Widgets Magazine

Students share concerns with Faculty Senate

Student presentations by ASSU representatives led the agenda at the Faculty Senate’s Feb. 9 meeting. The session also included a report by Dean of Earth Sciences Pamela Matson.


President John Hennessy opened the meeting by noting the conclusion of the Stanford Challenge, a five-year fundraising initiative that raised $6.2 billion in pledges for the University. The Challenge fundraising will support areas including new faculty positions, need-based financial aid and facility construction.


ASSU President Michael Cruz ‘12 opened the segment devoted to student presentations by discussing the significance of diversity at Stanford, noting that — among the vast range of issues facing students — the composition of the University affects the entire campus community.

ASSU Executive President Michael Cruz '12 spoke to the Faculty Senate Thursday, addressing concerns about advising and faculty student interaction. (Courtesy of Linda A. Cicero/Stanford News Service)


Emphasizing steps already taken, such as the development of the Native American Community Center (NACC) and the subsequent spike in retention among Native American students, Cruz credited the University with embracing diversity, but highlighted the importance of continued progress.


“This diversity ultimately gives students more ways to connect with their faculty and their administrators,” Cruz said.


Reagan Thompson ‘12, ASSU representative-at-large, focused on expanding the extent and type of faculty-student interaction — in particular, examining office hours and advising structures.


Noting that students often find faculty daunting, Thompson argued for “office hours where students can talk not just about the class but also their Stanford career” and for faculty to become more proactive in encouraging student engagement.


Thompson also said a lack of outreach by academic advisers can marginalize their utility to students, especially in important areas such as recommendations and honors theses.


Noting that the recent Study of Undergraduate Education (SUES) report highlighted the falling number of honors students as an area of concern, Thompson suggested that increased access to faculty advising may reverse the trend.


Daniel DeLong ‘13, ASSU undergraduate representative to the Faculty Senate, emphasized the flawed nature of Stanford’s current course evaluation system, citing stress imposed on faculty — coupled with a lack of awareness among students of the purpose and application of evaluations — and a lack of transparency surrounding how evaluations impact the future of courses.


“We have an imperfect evaluation process, [and] one that really affects untenured faculty,” DeLong said. “It makes them be safe rather than challenging students.”


Kamil Dada ‘11, ASSU graduate representative and former Daily editor in chief, highlighted four issues needing review. Dada noted that co-terminal students, trapped between undergraduate and graduate student bodies, often fail to integrate into the University community. He highlighted a lack of awareness among graduate students about the Honor Code at Stanford and its implications for academic work.


Dada also cited the lack of counseling available to PhD and post-doctoral students at the Career Development Center and the yearlong nature of Cardinal Care health insurance — regardless of leaves of absence — as other pressing concerns.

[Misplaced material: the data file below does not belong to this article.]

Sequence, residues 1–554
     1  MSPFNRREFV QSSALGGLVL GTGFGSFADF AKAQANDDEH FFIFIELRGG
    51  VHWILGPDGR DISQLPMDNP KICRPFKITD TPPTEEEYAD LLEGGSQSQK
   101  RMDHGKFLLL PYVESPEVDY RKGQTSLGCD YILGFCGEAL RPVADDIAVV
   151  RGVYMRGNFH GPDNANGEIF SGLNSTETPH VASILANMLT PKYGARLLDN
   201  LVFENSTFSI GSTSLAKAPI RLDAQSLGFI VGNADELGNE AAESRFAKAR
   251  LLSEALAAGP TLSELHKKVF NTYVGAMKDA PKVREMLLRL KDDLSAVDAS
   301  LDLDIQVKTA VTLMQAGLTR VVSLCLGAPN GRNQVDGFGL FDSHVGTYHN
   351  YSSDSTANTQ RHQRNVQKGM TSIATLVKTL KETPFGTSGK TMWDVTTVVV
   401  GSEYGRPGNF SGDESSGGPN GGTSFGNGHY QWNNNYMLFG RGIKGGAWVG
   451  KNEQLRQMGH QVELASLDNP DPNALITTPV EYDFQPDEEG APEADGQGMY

Faculty members largely concurred with the ASSU representatives’ reports, with discussion focusing on the interaction between graduate and undergraduate students and the merits of course evaluations.


Both Cruz and Dada said the ASSU can and should play a role in increasing interaction between undergraduate and graduate students, noting that the ASSU already includes leadership from both communities.


“The barrier between undergraduate and graduate students is co-created,” Cruz said. “The ASSU is trying to bridge that gap by bringing them into the same location.”


Caroline Hoxby, a professor in economics, cited the move to online evaluations as promoting polarized student viewpoints, noting that students who are apathetic toward a class are less likely to evaluate it. Hoxby advocated in class course evaluations.


“I think that it has degraded the overall evaluation process,” she concluded, “and students don’t take them seriously.”


Matson followed the student reports with a presentation on the School of Earth Sciences. Noting the Earth Sciences’ role in addressing pressing global challenges, Matson argued for the field’s sustained prominence at Stanford and cited the school’s ability to adapt to new challenges.


While acknowledging that encouraging more minority applicants has proven a challenge, Matson highlighted the growth in applications to the graduate program — up 64 percent from 2005-06 — as among the highest in the University.


The number of undergraduate majors within the school has grown similarly — by 41 percent — since 2005-06. Matson said that the school has gradually created an intellectual community with resources available to the broader University.


The Faculty Senate’s next meeting is scheduled for Feb. 23, when the Committee on Undergraduate Standards and Policies (C-USP) will bring the SUES report’s recommendations before the Senate. The March 8 session is also reserved for discussion of the report.

About Marshall Watkins

Marshall Watkins is a senior staff writer at The Stanford Daily, having previously worked as the paper's executive editor and as the managing editor of news. Marshall is a junior from London majoring in Economics, and can be reached at mtwatkins "at" stanford "dot" edu.